In an upcoming exhibit from Maison Gerard, sculptural work from Marino di Teana will be on display in the gardens of the historic Grosvenor Atterbury Mansion in Southampton, New York, which is owned by 1stdibs and Art Design Carta founder Michael Bruno. The pieces, made of stainless and Corten steel, can be seen by appointment only, from July 22 to August 26.
The sculptor, says the gallery, “is known for his long, storied career, his monumental public commissions, and as one of the forerunners of architectural sculpture. A trained engineer and architect, di Teana envisioned sculpture and architecture as one. He employed the use of industrial materials like steel, viewed his sculptures as complete structures (sound in scale and structural balance), and pioneered a theory of form, called ‘tri-unity,’ wherein a sculptor’s arrangement of negative space played as important a role as his arrangement of physical mass.”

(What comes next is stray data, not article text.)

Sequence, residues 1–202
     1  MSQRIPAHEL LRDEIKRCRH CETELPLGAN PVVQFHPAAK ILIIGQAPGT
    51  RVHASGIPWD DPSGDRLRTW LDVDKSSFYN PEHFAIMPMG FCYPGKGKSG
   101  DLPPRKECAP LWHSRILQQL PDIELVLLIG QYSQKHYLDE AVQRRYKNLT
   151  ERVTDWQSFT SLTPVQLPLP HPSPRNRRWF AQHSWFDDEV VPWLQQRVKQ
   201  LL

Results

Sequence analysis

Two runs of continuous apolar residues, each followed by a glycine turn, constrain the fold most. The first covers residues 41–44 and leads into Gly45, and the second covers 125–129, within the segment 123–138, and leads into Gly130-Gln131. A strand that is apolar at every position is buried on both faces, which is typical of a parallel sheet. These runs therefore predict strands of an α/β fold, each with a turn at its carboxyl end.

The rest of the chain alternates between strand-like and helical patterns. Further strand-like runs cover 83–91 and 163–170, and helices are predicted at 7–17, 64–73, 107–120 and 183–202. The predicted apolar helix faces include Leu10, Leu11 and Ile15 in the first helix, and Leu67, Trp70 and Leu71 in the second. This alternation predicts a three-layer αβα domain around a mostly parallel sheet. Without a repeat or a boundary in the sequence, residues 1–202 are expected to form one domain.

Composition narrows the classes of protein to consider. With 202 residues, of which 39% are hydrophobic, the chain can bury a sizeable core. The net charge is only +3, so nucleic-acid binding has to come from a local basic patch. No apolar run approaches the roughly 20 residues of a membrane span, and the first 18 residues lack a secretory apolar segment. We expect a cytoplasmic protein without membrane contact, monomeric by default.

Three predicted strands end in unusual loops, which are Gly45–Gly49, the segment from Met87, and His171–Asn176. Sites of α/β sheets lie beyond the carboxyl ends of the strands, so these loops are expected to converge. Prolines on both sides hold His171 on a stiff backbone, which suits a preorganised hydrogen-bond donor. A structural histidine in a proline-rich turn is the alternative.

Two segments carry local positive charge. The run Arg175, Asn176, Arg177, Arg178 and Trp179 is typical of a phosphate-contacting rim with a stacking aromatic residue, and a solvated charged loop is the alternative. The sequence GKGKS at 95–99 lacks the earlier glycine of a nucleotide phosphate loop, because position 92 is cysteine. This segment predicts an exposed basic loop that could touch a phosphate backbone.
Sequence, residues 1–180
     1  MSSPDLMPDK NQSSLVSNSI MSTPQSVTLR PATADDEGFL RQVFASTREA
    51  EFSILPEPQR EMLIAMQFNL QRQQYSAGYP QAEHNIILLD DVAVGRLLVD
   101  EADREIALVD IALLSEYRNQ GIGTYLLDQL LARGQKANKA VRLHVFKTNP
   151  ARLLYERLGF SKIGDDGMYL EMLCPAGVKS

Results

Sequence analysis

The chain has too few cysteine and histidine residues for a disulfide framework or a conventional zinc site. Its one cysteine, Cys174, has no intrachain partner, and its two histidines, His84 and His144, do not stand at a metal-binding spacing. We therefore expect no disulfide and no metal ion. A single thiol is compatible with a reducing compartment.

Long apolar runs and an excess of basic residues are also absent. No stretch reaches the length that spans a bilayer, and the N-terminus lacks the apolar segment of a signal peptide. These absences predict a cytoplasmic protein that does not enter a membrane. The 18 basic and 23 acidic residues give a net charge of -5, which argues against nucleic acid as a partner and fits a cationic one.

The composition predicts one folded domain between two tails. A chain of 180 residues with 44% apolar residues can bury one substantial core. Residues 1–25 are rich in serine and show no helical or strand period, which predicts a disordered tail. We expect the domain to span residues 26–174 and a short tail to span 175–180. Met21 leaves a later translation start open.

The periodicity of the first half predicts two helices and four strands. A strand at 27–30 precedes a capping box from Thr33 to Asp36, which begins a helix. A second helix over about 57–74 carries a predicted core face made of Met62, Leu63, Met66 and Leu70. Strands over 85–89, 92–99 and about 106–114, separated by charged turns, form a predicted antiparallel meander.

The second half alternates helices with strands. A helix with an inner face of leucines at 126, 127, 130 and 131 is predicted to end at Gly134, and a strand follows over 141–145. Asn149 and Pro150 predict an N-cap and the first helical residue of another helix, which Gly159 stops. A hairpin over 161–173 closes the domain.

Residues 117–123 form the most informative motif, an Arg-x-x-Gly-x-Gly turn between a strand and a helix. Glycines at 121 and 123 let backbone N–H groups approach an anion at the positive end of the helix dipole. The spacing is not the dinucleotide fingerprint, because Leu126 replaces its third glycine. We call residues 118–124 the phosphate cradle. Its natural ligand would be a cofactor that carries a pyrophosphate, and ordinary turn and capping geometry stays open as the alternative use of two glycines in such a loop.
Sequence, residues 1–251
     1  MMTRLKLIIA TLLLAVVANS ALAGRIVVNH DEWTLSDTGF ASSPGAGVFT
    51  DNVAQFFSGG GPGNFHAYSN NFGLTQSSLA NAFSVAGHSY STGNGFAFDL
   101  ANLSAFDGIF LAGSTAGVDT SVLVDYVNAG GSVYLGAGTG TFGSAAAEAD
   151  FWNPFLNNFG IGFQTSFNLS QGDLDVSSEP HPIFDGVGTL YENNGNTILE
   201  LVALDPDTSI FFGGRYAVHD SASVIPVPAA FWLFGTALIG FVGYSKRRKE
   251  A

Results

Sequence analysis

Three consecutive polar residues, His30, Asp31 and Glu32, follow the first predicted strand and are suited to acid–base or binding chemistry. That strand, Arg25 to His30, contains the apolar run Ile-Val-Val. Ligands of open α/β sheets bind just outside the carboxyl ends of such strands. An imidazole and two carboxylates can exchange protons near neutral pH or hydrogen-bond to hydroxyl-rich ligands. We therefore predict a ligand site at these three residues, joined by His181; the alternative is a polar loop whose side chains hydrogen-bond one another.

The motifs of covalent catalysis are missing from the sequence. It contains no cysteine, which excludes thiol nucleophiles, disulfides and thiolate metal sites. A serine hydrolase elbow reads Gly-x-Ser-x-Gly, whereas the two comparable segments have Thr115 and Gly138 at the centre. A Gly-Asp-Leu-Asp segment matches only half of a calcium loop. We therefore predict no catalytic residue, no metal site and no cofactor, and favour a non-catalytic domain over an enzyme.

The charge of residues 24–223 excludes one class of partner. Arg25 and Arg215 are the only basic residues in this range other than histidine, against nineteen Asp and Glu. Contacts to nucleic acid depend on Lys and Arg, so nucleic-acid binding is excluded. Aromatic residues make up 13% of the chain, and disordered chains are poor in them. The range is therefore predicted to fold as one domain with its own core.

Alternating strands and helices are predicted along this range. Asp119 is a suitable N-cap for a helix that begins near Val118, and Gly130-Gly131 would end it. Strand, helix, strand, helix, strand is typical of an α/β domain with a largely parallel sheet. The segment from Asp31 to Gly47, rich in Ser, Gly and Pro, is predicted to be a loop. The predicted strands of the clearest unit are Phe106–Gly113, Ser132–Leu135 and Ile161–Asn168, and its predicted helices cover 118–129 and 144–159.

Di Teana immigrated from Italy to Buenos Aires, Argentina, where he worked as a mason to pay for architecture classes, and then to Paris, where he was homeless, in order to fund his study of sculpture. (During that time, he slept in public gardens.) His popularity began to grow when, in 1962, one of his large-scale sculptures won first prize in a competition judged by Ossip Zadkine, Serge Poliakoff and Alberto Giacometti.
He went on to produce works for public spaces throughout Europe. Di Teana received retrospectives at the Saarland Museum in Saarbrücken, Germany, and at the Musée d’Art Moderne in Paris, as well as representing Argentina at the Venice Biennale and France at the International Symposium of Arts and Sciences in Seoul. And he was appointed a member of the National Academy of Fine Arts and Architecture of Argentina, among other honors.
This exhibit is the first of its kind stateside, particularly because of the scale of the objects being shown.